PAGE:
Gandhi was a proponent of the adoption of Hindi as the common language of India, but more specifically, he favored Hindustani, as he believed this Hindu-Urdu variant would bridge the growing division between Hindi-speaking Hindus and Urdu-speaking Muslims in India. As a staunch advocate for the unification of Indians across religious lines, Gandhi was disheartened to see Hindu Indians and Muslim Indians put at odds culturally due to a division of language. He believed a common Indian language could and should supplant English, a foreign tongue that he did not have ill will towards but in his view did not meet the criteria to be considered as an official language. Gandhi said, "I have come to the deliberate-conclusion, that no language except Hindustani - a resultant of Hindi and Urdu - can possibly become a national medium for exchange of ideas or for the conduct of national proceedings." Although Hindu and Urdu ultimately did diverge, Gandhi was undoubtedly instrumental in facilitating discourse about Indian national identity and provided significant thought leadership for the Indian government in the commissioning of language.
Hindi, like Urdu, should be read from right to left.
Devanagari should be read from left to right just like English. This distinguishes Hindi from Arabic and derivatives like Persian and Urdu script, which are read from right to left.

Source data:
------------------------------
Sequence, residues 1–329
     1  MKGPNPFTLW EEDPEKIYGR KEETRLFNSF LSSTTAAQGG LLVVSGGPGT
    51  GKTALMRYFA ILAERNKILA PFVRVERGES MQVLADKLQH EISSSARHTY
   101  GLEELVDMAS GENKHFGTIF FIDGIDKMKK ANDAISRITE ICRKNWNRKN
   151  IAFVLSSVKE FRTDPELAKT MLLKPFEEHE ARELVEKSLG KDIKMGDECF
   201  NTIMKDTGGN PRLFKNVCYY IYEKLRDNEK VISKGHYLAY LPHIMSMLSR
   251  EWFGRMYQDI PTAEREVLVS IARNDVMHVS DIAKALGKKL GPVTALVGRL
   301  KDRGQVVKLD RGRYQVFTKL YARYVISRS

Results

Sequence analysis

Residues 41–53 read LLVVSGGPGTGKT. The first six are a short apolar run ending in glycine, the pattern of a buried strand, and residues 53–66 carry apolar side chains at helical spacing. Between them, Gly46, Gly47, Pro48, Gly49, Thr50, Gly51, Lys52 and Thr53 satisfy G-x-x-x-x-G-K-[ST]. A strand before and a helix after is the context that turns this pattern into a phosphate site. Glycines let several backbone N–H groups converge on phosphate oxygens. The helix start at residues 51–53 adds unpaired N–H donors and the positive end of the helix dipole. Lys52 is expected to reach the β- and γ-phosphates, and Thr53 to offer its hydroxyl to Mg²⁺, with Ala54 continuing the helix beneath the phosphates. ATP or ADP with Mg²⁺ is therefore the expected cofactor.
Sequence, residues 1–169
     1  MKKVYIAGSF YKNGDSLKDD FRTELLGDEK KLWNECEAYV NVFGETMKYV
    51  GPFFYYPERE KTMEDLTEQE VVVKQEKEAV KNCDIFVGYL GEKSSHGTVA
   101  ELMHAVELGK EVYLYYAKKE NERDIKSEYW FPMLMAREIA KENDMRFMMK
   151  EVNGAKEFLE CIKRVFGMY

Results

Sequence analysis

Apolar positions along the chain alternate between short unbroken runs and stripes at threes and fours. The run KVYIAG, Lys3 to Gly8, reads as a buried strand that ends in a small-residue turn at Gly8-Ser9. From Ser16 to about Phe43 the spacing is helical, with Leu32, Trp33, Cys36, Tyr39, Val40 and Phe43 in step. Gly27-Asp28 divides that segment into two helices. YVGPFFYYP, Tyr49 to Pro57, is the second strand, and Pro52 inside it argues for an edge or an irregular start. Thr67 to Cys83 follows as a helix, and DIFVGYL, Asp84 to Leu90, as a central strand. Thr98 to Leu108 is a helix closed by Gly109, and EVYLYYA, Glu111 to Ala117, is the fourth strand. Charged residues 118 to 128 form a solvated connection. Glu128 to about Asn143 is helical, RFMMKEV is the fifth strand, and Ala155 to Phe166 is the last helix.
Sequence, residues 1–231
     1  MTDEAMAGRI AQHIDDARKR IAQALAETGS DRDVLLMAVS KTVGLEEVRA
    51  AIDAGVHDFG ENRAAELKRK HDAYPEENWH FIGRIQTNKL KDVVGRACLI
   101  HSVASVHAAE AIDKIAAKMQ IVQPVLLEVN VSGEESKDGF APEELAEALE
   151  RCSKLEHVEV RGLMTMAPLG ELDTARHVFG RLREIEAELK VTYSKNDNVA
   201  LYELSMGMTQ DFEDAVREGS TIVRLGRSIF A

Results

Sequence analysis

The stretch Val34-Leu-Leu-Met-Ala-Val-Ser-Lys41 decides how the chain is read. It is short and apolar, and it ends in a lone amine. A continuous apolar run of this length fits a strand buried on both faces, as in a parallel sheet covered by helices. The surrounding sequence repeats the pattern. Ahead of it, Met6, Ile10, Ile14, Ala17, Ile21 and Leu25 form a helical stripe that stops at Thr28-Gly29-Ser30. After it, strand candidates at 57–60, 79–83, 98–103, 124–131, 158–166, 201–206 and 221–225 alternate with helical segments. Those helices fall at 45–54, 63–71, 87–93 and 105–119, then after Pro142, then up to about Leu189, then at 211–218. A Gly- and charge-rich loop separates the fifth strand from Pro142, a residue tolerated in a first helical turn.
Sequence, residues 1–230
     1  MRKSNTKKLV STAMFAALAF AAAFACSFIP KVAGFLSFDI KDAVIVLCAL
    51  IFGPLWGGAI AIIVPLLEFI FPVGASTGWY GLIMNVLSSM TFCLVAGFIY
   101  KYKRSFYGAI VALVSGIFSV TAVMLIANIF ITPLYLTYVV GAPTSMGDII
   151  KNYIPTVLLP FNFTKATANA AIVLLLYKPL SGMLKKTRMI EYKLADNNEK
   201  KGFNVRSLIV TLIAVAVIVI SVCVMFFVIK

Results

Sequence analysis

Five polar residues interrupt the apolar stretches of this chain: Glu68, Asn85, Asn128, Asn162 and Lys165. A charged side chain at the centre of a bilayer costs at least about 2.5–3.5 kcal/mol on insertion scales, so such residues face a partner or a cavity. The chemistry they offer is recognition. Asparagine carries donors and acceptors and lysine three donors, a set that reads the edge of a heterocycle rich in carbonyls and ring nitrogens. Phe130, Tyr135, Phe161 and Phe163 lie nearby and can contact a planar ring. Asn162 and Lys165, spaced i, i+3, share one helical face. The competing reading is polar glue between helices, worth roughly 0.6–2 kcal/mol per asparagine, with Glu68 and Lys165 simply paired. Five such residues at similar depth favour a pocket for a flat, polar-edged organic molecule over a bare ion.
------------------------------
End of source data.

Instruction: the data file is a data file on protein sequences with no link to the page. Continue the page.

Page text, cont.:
Hindi is a phonetic language.
A phonetic language is one where there is a direct correlation between the spelling of a word and the pronunciation of the word. For example, English is not a phonetic language because there are variations between the spelling and the spoken sound of words and letters in numerous contexts. For example, the letter "g" in the English word "gnat" is silent. Without possessing awareness of these nuances, a new English speaker would not instinctively be able to predict that the "g" is silent. Hindi on the other hand is spoken as it is written. Each letter of the Devanagari alphabet has a corresponding distinct phoneme or sound unit, making it intuitive for Hindi learners to pronounce written words after learning the alphabet.
Hindi Diwas (Hindi Day) is commemorated annually in India on September 14th.
September 14, 1949 was a momentous day in India's history as it marked the day on which Hindi in Devanagari script was adopted as the official language of the nation. September 14th continues to be commemorated annually due to its importance in Indian history. Each year on Hindi Diwas at the Vigyan Bhawan in New Delhi, the president himself presents awards to individuals excelling in Hindi-related endeavors. Businesses and schools honor the day by conducting a unique program of events such as poetry recitations.
Hindi can be employed in web URLs.
Hindi is one of a small set of languages including English, Russian, and Arabic that can be employed in web URLs (Uniform Resource Locator). This means that you can type a full web address written in Hindi, which is particularly useful for non-English speaking Indians who prefer to type in their regional language. Other Indian languages accorded this status by the ICANN (Internet Corporation for Assigned Names and Numbers) include Punjabi, Gujarati, Bengali, Tamil, Telugu, and Urdu. The introduction of non-Latin characters into domain names is a mark of both technological and cultural progression as it will introduce many more new users to the World Wide Web in nations such as India with its rich tapestry of languages.